Sticky rice is my favourite dish at yum cha but it always comes with pork or chicken so, as I try to only eat free range, I either have to forgo my principles or miss out. So instead I make my own vegan version, packed with flavours and still ‘meaty’ with mushroom and eggplant. Add the chilli bean paste if you like a bit of heat.
It is best to use firm apricots for this as soft ones will collapse. If you have a very light, soft goat’s cheese you can forgo the crème fraîche. Trim the tough stalk of the fig leaves off with a sharp knife, trying not to cut through the leaf. I have served these with ice cream but if you wanted to serve them as more of a cheese course, you could have with a fruity bread or cracker and the honey syrup.
These tasty parcels are a great addition to a Pacific feast. They are best cooked and served immediately, though I have pre-cooked them then heated them quickly for 5 minutes in a hot oven and they were still great. Frozen banana leaves are available from Asian supermarkets. The mixture also makes great fritters if you simply want to fry in a little oil.
These simple little small bites make perfect nibbles for a party or as part of a larger barbecue. Pandan imparts a very distinct flavour and aroma, but don’t eat it!
Fish wrapped in vine leaves is a great Mediterranean dish; oily fish such as sardines are popular, but NZ mussels work well as they are big and meaty. If your leaves are small, you may need to overlap two.
These tamales are based on a fresh corn style and can be eaten as an entrée alone or as an accompaniment to a Mexican or South American meal. I like them simply with barbecued chicken or vegetables. To make them vegetarian, replace the chorizo with kidney beans fried up and lightly mashed with oil, onion and some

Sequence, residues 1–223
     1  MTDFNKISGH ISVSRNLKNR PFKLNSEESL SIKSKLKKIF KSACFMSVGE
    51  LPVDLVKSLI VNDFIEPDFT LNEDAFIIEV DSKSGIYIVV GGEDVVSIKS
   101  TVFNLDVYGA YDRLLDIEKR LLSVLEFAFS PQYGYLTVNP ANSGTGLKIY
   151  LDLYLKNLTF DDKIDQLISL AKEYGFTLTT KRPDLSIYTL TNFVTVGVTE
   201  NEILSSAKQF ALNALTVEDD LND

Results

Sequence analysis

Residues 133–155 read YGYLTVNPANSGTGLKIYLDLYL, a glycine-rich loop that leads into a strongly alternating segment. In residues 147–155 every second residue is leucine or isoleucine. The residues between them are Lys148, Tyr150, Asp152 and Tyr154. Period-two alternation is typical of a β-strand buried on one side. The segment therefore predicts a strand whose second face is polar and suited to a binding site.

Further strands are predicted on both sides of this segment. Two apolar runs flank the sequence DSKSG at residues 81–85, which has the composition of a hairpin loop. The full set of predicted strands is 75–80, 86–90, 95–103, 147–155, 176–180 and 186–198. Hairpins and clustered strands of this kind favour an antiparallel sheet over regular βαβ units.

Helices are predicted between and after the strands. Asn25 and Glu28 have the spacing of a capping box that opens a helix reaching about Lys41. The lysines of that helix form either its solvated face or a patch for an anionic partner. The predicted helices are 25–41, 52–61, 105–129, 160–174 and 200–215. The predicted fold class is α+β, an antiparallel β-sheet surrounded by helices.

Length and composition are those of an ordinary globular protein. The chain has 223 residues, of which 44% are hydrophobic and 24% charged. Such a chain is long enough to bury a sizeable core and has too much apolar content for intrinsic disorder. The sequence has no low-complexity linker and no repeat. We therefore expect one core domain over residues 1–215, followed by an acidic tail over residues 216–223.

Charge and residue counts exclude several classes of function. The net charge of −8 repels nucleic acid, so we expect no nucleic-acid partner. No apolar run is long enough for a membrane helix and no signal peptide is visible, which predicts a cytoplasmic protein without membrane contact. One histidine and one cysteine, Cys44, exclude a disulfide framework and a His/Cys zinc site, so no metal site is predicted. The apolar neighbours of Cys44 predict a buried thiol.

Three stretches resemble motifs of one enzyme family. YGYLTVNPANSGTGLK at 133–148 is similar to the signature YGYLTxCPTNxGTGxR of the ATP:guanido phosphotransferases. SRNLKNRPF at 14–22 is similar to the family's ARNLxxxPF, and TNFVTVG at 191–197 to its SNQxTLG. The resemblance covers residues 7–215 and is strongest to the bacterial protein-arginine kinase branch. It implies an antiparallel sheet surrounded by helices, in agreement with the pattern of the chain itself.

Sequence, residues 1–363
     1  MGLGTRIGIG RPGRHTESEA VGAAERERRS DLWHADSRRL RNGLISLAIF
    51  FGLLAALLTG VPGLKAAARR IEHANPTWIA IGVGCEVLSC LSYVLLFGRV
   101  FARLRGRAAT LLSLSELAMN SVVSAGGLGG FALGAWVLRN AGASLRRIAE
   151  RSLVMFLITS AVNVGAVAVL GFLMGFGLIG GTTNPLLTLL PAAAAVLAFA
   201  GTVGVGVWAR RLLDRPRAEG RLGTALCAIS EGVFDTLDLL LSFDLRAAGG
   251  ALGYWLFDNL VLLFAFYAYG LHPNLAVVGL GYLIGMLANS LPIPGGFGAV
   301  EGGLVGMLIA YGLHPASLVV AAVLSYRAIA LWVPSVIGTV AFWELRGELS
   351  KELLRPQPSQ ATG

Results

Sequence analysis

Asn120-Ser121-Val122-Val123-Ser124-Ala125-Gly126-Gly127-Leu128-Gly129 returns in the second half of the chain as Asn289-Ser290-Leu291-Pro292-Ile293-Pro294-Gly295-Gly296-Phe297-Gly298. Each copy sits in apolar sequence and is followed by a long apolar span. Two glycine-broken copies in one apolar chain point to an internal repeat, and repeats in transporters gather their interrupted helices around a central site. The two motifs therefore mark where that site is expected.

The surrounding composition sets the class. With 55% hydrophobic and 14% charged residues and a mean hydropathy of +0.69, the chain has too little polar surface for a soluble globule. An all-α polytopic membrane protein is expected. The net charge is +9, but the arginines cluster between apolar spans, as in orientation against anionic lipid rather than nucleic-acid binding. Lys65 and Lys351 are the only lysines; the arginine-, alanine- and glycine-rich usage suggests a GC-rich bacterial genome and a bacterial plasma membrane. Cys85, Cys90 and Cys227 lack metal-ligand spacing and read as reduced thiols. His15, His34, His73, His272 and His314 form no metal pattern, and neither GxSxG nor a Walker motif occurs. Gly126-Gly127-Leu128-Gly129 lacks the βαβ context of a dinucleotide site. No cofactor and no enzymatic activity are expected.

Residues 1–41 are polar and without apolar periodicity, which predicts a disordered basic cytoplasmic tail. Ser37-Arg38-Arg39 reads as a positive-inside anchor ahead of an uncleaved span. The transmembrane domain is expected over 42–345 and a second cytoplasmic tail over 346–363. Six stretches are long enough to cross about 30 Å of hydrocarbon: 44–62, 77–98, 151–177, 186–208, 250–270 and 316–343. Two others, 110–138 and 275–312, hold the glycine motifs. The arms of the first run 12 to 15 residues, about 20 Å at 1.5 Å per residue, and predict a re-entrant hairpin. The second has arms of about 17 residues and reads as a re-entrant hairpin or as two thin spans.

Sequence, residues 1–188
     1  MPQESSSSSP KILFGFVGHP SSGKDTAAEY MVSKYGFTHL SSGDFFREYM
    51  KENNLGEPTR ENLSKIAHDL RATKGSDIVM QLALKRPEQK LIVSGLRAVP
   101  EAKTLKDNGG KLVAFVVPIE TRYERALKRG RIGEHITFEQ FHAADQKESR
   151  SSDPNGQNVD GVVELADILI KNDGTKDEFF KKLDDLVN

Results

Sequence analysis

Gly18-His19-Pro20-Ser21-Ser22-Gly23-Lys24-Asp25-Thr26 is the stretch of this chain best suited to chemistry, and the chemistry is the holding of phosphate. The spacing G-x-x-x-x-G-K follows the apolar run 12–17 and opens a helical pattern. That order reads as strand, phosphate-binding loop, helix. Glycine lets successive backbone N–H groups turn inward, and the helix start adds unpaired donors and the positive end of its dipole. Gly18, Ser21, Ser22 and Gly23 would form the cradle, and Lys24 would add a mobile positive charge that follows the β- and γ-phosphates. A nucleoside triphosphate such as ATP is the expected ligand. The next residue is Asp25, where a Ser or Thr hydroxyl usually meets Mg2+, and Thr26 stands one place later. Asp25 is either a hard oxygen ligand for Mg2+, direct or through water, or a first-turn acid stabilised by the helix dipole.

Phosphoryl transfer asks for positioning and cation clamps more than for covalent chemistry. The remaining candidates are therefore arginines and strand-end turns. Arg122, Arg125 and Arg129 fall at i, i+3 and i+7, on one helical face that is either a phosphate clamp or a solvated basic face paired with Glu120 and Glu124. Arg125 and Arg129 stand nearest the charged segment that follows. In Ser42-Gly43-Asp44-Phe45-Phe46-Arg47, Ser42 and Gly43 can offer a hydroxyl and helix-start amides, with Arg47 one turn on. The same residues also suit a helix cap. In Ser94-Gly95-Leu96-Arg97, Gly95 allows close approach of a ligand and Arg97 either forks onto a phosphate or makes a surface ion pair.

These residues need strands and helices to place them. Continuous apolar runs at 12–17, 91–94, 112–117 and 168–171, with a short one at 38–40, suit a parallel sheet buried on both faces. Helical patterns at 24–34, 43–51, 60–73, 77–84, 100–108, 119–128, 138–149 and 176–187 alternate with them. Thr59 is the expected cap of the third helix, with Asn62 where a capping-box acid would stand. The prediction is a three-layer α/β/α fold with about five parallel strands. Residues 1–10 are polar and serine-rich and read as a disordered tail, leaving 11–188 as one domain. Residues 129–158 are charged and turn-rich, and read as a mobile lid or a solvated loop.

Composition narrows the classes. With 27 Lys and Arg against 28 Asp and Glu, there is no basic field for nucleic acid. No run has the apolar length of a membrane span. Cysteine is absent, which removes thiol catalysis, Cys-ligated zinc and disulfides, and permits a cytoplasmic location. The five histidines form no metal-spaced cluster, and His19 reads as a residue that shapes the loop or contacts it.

spices such as cumin, coriander and smoked paprika.
Masa harina, a fine, yellow corn flour is traditionally used,
but I find buckwheat flour also tastes great, it’s just not such
a good colour.
Laplap is a plant closely related to banana. In Vanuatu it is used to wrap vegetables, fish and meats for cooking in an earth oven. My version uses banana leaves and is cooked in a charcoal kettle barbecue. You can vary the use of vegetables in the base; traditionally taro, cassava or plantain would be used, but use what you have available.
This year I am determined to plant a curry leaf plant as the smoky, citrus flavour is one of my favourites. Fortunately, in the meantime, my local fruit shop sells them by the bagful. They do freeze well but I’d be inclined to use the whole bag for the curry leaf rice. Turmeric lattes have never been my thing, but I’m more than happy to use the rhizome in my cooking. It, too, freezes well (try grating it from frozen to cook with). Taro or kumara could replace the potato, but allow extra time for cooking taro which takes longer to become tender. Adjust the tamarind as you see fit – I like the curry on the sour side.
Spam is Hawaii’s not-so-dirty little secret. Salty and high fat, the combination of pork and ham is beloved throughout Hawaii and especially as a snack wrapped with rice and nori. Hawaii is the largest consumer of Spam in the US and even has a festival, ‘Spam Jam’, in its honour. So why do they love it so much? According to food historian Rachel Laudan, during WWII the American government viewed the Hawaiian deep-sea fishing industry as a national security threat because most boats were owned by Hawaiians of Japanese descent.
The war meant there was a major military presence on the islands and Spam was freely available. Deprived of their mainstay food source, Spam became a necessity, and a great love developed. In the 1980s, depending on who you believe, it was either Mitsuko Kaneshiro or Barbara Funamura who thought to combine Spam into a musubi. In both cases it was to provide a snack for children which then morphed into selling to customers. You can buy musubi moulds but I used the can as a mould. Alternatively slice the cooked pieces and wrap into sushi rolls.